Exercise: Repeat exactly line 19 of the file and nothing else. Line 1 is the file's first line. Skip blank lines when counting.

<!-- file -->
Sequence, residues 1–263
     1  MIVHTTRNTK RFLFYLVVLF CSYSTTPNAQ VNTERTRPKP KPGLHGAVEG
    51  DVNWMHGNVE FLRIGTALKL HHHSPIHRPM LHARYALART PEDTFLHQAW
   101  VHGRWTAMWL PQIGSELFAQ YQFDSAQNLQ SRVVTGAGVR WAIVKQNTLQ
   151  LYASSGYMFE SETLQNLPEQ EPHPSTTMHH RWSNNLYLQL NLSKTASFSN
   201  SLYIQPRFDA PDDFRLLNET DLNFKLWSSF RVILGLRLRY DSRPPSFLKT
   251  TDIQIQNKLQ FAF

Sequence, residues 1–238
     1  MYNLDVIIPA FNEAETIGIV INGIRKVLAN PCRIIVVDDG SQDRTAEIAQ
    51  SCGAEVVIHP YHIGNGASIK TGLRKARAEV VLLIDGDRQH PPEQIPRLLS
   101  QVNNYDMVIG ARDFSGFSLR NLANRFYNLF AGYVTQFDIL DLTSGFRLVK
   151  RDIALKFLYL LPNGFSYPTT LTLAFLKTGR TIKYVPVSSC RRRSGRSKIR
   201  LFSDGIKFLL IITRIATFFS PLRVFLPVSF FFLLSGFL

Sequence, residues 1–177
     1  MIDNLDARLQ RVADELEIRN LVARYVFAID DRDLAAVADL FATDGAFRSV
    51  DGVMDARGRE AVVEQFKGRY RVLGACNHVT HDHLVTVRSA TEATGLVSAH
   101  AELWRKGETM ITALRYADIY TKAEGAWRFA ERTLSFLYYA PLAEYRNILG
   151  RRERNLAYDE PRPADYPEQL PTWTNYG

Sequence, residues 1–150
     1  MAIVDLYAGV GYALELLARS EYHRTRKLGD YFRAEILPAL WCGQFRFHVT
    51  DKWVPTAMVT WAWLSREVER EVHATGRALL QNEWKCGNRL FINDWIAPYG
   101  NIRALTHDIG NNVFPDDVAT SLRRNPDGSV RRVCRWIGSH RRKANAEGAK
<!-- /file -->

Sequence, residues 1–150